How does it feel to win a silver medal at the Olympics?
|The New Prompt is:
You are on the medal podium at the Olympics when a reporter asks you, "How does it feel to win the Silver Medal"... Answer this question as creatively as you can.
Beyond the Edge of the Sky
For four years, I have arisen at four o’clock in the morning. Sometimes I parted from my bed with the dragging sleep-deprived countenance of a zombie. I’m glad no one saw me moaning over the tiredness in my body or my creeky, cranky bones . . . Sometimes while I was brushing my teeth to wake up more fully so I could drive to the swimming pool, I drifted off and stood like a horse, feet firmly planted and yet asleep. I never got a full eight hours during the years of preparation for this day. I lived on four or five hours of sleep most days, but it earned me the silver I'm holding right now. It was worth it.
All these years, I swam from one end of the pool to another, back and forth, back and forth. I recited every poem I knew; I conjugated every verb I could think of in three different languages, and still I swam, like a caged animal, back and forth, back and forth. Many times my muscles ached, and my arms felt like they would drop off and sink down to the bottom of the pool. My legs grew numb and then stiff. Finally they'd turn into two writhing snakes of pain, but still I swam on, back and forth, back and forth -- each lap a pledge to be better; each lap a celebration because I endured and was building strength. I swam that torturous route every Sunday through Saturday with never a day of rest, and never a day did I not pull harder, faster, longer, farther.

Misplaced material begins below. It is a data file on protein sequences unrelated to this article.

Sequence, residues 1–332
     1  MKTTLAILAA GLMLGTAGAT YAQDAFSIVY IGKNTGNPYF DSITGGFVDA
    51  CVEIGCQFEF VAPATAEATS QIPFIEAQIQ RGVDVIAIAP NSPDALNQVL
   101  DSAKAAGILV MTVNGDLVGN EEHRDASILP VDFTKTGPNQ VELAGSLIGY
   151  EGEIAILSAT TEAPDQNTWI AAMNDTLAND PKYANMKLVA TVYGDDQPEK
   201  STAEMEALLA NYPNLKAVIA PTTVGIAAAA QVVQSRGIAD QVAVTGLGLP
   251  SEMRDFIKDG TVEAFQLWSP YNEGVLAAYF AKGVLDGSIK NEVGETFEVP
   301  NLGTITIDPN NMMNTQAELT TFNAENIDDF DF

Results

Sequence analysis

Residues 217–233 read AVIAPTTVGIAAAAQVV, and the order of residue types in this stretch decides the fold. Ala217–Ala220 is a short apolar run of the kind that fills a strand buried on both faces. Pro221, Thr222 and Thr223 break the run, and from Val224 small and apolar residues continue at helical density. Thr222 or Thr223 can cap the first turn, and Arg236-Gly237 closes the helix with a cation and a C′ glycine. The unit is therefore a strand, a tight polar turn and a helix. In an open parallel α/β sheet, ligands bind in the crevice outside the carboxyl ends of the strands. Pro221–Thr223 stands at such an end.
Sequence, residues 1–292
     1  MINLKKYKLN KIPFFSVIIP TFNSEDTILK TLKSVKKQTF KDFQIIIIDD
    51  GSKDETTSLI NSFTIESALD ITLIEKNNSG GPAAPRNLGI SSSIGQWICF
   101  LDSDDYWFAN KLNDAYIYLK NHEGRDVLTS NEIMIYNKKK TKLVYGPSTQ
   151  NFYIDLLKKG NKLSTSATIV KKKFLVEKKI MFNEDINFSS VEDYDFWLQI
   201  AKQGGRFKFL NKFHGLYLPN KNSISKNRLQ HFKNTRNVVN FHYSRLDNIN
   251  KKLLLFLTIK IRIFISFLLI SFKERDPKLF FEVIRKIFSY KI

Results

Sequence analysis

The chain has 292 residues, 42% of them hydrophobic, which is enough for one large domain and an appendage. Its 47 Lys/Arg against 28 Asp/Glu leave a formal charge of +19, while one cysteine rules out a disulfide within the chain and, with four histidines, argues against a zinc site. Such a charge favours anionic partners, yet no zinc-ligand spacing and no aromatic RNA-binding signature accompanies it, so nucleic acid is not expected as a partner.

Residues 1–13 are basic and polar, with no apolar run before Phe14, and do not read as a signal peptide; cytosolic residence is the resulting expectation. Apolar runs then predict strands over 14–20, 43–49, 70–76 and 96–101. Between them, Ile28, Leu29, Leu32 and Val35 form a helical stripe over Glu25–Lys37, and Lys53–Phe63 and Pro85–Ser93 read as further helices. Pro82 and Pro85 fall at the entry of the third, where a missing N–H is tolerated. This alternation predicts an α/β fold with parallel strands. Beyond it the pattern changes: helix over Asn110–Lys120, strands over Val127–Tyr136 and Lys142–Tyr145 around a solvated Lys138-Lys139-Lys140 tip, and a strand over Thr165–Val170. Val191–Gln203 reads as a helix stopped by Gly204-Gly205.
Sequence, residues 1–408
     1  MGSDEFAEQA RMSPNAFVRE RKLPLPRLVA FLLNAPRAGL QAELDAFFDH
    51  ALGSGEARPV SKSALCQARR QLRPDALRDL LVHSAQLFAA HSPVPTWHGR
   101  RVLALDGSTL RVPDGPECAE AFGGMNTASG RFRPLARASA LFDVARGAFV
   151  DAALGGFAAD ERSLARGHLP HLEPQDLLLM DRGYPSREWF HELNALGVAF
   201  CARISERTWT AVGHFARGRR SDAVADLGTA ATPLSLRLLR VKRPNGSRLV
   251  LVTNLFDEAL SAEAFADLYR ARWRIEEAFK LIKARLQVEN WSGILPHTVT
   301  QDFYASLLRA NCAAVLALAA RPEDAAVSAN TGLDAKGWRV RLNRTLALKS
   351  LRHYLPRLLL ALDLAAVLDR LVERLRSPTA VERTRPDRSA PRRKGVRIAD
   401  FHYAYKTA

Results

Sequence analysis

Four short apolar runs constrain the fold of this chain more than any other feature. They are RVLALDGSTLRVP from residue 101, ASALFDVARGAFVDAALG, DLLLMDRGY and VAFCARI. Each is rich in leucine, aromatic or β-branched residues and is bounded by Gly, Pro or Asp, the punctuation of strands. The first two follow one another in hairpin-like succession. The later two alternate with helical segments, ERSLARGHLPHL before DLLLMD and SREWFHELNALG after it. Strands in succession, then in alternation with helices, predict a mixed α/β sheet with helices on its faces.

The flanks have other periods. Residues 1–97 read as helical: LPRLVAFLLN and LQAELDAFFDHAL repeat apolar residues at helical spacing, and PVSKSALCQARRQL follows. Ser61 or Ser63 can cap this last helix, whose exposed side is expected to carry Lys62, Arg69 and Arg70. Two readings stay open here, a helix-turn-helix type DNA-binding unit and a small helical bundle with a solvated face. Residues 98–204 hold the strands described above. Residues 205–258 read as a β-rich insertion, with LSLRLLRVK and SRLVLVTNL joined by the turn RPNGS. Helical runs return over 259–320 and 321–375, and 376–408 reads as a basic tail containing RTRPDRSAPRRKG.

Yet, here I stand with this silver medal -- an icy Everest peak, the far-a-way star I'd always yearned for, the breathless wonder of dreams come true.
Each one of those days I swam, my skin reeked of chlorine. I drank it, breathed it, saturated my body with it, seeped it up through my pores. My hair turned green, my face paled into bleach-like death, and my eyes became permanently reddened. My clothes, my towels, even my car took on that smell. My friends would tell you that chlorine is my aftershave, my cologne of life. With wrinkled fingers and nails so brittle from the constant immersion that they break when they reach land, I became a human aquatic animal, scarcely able to crawl about on land. This porpoise man you see before you is one who gave everything for the medal I now hold in my hand.
Do I regret it? Not a moment. Take a good, long look at this medal. See the way it shines? It warranted every drop of chlorine that I inhaled and soaked up. It was worth every morning of painful arising. It merited the ache of muscle spasms, cramps, and crinks. This Olympic silver is the treasure of a lifetime.
So, yes, I spent my Saturdays and Sundays at meets and competitions. I never had any free time. The last book I attempted to read fell into the water and drowned. I’m not sure what’s on TV, unless it’s the same shows from four years ago. I wouldn’t be able to name a current movie, unless its title was “How to Improve Your Olympic Swimming.” We Olympic athletes are all distanced from life; we know only one thing: practice, practice, practice.
Would I do it again? Absolutely, for there is still that crag on Everest I haven't battled and another star -- a higher one. Most definitely I’ll be back next time, and then, I'll fly even higher. But for now, I gaze at the silver, and my heart beats a symphony.
Was it worth it for just a silver you ask? I smile, and the light of every dreamer's dream is in my eyes. Then I shake my head and I laugh softly. Was it worth it? Beyond every one of your imaginings, my friend, for this silver medal represents the edge of the sky.